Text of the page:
Table of Contents Author Guidelines Submit a Manuscript
Stem Cells International
Volume 2016 (2016), Article ID 8270464, 11 pages
http://dx.doi.org/10.1155/2016/8270464
Research Article

In Vitro Expansion of Bone Marrow Derived Mesenchymal Stem Cells Alters DNA Double Strand Break Repair of Etoposide Induced DNA Damage

1Alexander B. Osborn Hematopoietic Malignancy and Transplantation Program of the West Virginia University Cancer Institute, Robert C. Byrd Health Sciences Center, West Virginia University School of Medicine, Morgantown, WV 26506, USA
2Department of Microbiology, Immunology and Cell Biology, Robert C. Byrd Health Sciences Center, West Virginia University School of Medicine, Morgantown, WV 26506, USA
3Department of Pathology, School of Medicine, West Virginia University, Morgantown, WV 26506, USA

Received 11 August 2015; Revised 22 November 2015; Accepted 25 November 2015

Academic Editor: Silvia Brunelli

Copyright © 2016 Ian Hare et al. This is an open access article distributed under the Creative Commons Attribution License, which permits unrestricted use, distribution, and reproduction in any medium, provided the original work is properly cited.

Abstract

Mesenchymal stem cells (MSCs) are of interest for use in diverse cellular therapies. Ex vivo expansion of MSCs intended for transplantation must result in generation of cells that maintain fidelity of critical functions. Previous investigations have identified genetic and phenotypic alterations of MSCs with in vitro passage, but little is known regarding how culturing influences the ability of MSCs to repair double strand DNA breaks (DSBs), the most severe of DNA lesions. To investigate the response to DSB stress with passage in vitro, primary human MSCs were exposed to etoposide (VP16) at various passages with subsequent evaluation of cellular damage responses and DNA repair. Passage number did not affect susceptibility to VP16 or the incidence and repair kinetics of DSBs. Nonhomologous end joining (NHEJ) transcripts showed little alteration with VP16 exposure or passage; however, homologous recombination (HR) transcripts were reduced following VP16 exposure with this decrease amplified as MSCs were passaged in vitro. Functional evaluations of NHEJ and HR showed that MSCs were unable to activate NHEJ repair following VP16 stress in cells after successive passage. These results indicate that ex vivo expansion of MSCs alters their ability to perform DSB repair, a necessary function for cells intended for transplantation.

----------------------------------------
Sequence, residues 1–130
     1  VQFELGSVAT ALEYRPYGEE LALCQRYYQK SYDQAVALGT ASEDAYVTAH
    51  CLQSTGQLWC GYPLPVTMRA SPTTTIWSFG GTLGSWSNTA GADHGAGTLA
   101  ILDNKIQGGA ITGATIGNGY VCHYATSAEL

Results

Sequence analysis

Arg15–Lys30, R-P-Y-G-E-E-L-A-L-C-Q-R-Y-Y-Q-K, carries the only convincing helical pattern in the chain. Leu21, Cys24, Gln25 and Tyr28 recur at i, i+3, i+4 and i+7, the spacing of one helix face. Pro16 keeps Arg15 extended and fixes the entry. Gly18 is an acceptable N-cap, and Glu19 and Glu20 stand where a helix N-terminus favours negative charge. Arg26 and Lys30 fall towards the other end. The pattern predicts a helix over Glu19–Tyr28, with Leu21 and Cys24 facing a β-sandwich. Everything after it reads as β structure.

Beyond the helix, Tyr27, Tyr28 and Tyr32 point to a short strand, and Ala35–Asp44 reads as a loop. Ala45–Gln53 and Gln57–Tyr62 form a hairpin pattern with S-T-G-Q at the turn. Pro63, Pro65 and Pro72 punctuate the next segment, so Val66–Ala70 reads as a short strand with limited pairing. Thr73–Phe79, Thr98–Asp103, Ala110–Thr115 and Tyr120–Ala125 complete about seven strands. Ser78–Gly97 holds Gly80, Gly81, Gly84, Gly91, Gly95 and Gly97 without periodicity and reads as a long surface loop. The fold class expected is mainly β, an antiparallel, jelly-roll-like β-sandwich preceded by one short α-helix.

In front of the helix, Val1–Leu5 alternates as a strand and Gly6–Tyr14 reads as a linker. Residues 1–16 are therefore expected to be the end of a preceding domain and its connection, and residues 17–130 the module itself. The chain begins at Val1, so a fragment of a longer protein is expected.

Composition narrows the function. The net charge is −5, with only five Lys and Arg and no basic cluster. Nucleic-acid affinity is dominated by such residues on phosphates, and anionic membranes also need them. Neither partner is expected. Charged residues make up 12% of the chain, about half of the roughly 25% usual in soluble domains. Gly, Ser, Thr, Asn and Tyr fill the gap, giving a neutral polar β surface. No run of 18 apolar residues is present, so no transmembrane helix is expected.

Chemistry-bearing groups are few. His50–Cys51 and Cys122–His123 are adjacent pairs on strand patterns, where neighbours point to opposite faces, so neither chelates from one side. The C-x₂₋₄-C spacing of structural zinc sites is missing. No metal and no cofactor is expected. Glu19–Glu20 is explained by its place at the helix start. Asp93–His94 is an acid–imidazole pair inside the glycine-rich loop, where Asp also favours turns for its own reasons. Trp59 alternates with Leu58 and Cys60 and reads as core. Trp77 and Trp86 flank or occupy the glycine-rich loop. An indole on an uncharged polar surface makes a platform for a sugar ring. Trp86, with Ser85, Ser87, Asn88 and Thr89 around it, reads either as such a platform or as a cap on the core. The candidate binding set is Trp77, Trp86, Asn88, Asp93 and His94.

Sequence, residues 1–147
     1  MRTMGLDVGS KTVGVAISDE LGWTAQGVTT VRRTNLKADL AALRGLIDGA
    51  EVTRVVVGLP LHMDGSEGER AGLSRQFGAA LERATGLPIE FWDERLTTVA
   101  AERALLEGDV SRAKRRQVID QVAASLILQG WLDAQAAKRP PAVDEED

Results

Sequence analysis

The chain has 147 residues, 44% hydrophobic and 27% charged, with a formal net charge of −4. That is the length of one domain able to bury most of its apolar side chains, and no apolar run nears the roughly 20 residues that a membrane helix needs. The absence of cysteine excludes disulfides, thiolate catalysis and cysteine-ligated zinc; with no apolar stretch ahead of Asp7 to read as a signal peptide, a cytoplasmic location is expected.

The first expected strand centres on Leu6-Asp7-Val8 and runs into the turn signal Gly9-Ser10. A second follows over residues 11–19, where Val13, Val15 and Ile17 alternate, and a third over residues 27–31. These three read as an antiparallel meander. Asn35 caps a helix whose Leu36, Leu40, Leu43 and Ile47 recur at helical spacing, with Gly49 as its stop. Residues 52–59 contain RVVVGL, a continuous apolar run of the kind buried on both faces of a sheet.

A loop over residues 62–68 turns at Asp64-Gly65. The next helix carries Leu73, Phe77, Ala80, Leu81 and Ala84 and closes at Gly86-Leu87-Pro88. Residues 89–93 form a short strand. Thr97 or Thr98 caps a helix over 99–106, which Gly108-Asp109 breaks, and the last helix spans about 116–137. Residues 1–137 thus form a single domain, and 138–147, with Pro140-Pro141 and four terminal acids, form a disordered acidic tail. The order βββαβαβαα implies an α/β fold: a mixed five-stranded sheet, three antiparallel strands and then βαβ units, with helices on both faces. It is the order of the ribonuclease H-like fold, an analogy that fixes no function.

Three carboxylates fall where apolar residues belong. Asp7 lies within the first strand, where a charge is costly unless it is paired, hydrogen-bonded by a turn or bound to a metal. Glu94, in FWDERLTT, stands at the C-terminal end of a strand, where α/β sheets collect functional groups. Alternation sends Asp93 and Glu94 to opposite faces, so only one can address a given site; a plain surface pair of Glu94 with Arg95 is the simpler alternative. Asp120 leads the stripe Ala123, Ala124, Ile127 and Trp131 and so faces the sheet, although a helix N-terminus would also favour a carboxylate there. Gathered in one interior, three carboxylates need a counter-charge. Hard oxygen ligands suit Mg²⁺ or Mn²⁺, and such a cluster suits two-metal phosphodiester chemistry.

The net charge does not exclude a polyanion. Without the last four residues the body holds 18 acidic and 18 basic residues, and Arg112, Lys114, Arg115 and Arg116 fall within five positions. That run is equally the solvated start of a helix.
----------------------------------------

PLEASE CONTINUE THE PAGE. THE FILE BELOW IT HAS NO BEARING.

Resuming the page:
1. Introduction

MSCs are a mesoderm derived stromal population defined functionally by their ability to differentiate into various cell types in vitro. Osteoblasts, adipocytes, and chondrocytes have been shown to arise from MSC precursors under various culture conditions [1]. MSCs have also been shown to have immunomodulatory properties, displaying the ability to suppress adaptive and innate immune responses through the secretion of anti-inflammatory cytokines [2]. In addition to these functional characteristics, MSCs are able to persist in culture, making it possible to alter gene expression of the cells through various transfection techniques. Such an approach has been utilized in a rat model of myocardial infarction to deliver HIF-1α expressing MSCs to damaged heart tissue [3]. These cellular attributes have made MSCs an attractive candidate for the development of stem cell therapies in humans. MSCs can be acquired from various tissues of the body including the bone marrow [4]. The injection of bone marrow derived MSCs is currently undergoing Phase III clinical trials in the United States for the treatment of Crohn’s disease and myocardial infarction (clinicaltrial.gov identifiers NCT00482092 and NCT01394432, resp.). In addition, several preclinical applications have been described in animal models of disease, such as autoimmune encephalitis, graft versus host disease, rheumatoid arthritis, type I diabetes, and inflammatory bowel disease [5].